What are your Google Ads Strategies?
The following 14 tips will help you focus your Google ads strategy but are also helpful when discussing your Google ads management with your agency.
Understanding Your Audience
A crucial first step in any digital marketing effort is understanding your audience. In the context of Google Ads, this means identifying their interests, demographics, search behaviours, and more. For example, suppose you’re a fitness company targeting individuals interested in home workouts. You might focus on keywords and phrases associated with home exercise equipment, workout routines, and health and wellness.
Leveraging Keyword Match Types
Choosing the right keyword match types can significantly enhance your campaign’s effectiveness. Broad-match keywords will show your ad to a wide audience but might not be as targeted. Phrase match keywords will display your ad for searches that include your keyword phrase in the exact order. Exact match keywords will only trigger your ad when the exact phrase is searched. For instance, if you’re selling artisan coffee beans, an exact match keyword could be “buy artisan coffee beans online.”
Implementing Negative Keywords
Negative keywords help filter out irrelevant traffic. For example, if you’re selling high-end jewellery, you might use “cheap” as a negative keyword to avoid appearing in searches for inexpensive jewellery. This ensures that your ads only appear in searches that align with your products and services, saving you money on wasted clicks. We recommend creating an account-level negative keyword list and then a campaign-level list so you have greater control.
Utilising Ad Extensions
Ad extensions can provide additional information to make your ads more enticing. For instance, a ‘call’ extension allows potential customers to call your business directly from the ad, while ‘location’ extensions can guide local customers to your physical store. ‘Sitelink’ extensions can direct users to specific pages on your site, like your product pages or FAQs, providing a more seamless user experience.
Optimising Landing Pages
Your landing page should match the promise of your ad copy. For example, if your ad promotes a 50% discount on first purchases, the landing page should reflect this offer. A well-optimised landing page with a clear call-to-action (CTA) can significantly increase conversions. This will also support your quality score.
Using Remarketing Lists for Search Ads (RLSA)
RLSAs allow you to customise ads for people who have previously visited your site. For example, if someone visits your clothing store and looks at a particular pair of jeans, you can create a custom ad that promotes those same jeans to that specific visitor when they search for related terms on Google.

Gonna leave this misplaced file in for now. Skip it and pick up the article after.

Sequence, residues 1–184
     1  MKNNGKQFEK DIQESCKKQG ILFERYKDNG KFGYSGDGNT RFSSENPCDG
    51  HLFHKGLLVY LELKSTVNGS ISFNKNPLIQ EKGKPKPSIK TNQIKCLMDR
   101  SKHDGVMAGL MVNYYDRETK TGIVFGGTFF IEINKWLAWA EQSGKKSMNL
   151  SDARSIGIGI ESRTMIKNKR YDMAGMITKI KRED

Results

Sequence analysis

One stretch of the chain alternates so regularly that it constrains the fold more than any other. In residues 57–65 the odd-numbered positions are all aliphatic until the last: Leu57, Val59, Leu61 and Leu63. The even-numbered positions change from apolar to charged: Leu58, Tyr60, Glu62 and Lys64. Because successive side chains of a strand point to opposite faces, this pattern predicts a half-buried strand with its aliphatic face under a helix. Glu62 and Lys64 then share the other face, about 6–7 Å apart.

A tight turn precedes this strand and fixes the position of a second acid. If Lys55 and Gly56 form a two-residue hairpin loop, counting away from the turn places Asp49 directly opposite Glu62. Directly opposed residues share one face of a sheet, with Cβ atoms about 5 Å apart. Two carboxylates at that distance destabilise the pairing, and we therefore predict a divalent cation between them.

Monitoring and Adjusting Bids
Reviewing your campaign’s performance regularly and adjusting bids as necessary can significantly improve ROI. For example, if you find that the keyword “organic skincare products” is bringing in a lot of conversions, you might increase your bid on this keyword to maximise visibility.
Optimising for Mobile
In today’s digital landscape, mobile optimisation is non-negotiable. Ensure your ads and landing pages are mobile-friendly. For instance, your site should have a responsive design, easy navigation, and fast load times on mobile devices to provide a positive user experience.
Setting up conversion tracking lets you see users’ actions after clicking on your ad. For example, you might track purchases, form submissions, or newsletter sign-ups. This data helps you understand which campaign elements are working and which need tweaking.
Experimenting with Different Ad Formats
Google Ads offers various ad formats, each with its benefits. Search ads are great for targeting specific keywords, while display ads are excellent for building brand awareness. Video ads can be highly engaging and can work well if you have compelling video content. For example, a software company might use video ads to demonstrate how their product works and its benefits to the user.
Understanding Quality Score
Quality Score is Google’s rating of your keywords and PPC ads’ quality and relevance. It determines your cost per click (CPC) multiplied by your maximum bid to decide your ad rank in the ad auction process. Factors affecting Quality Score include your click-through rate (CTR), the relevance of each keyword to its ad group, landing page quality and relevance, and the relevance of your ad text. By optimising these factors, you can achieve a higher Quality Score, which can lead to lower costs and better ad positions.
Geo-targeting allows you to target your ads to specific locations. This can be particularly useful if you have a physical store or your services are only available in certain areas. For example, a local restaurant might only want their ads to show to people within a 10-mile radius of their location.
Ad scheduling, also known as dayparting, allows you to specify certain hours or days of the week when your ads should be shown. If you know your audience’s habits, you can schedule your ads to coincide with when they will most likely be online. For instance, if you’re a B2B company, you might schedule your ads to run during business hours when decision-makers are likely to be at work.
Using Google Ads Scripts
With these strategies, you’re well-equipped to manage and excel in your Google Ads campaigns. Remember that success with Google Ads isn’t about setting and forgetting but constantly optimising and refining your campaigns. You can significantly boost your ROI and drive substantial business growth with consistent effort and strategic adjustments.
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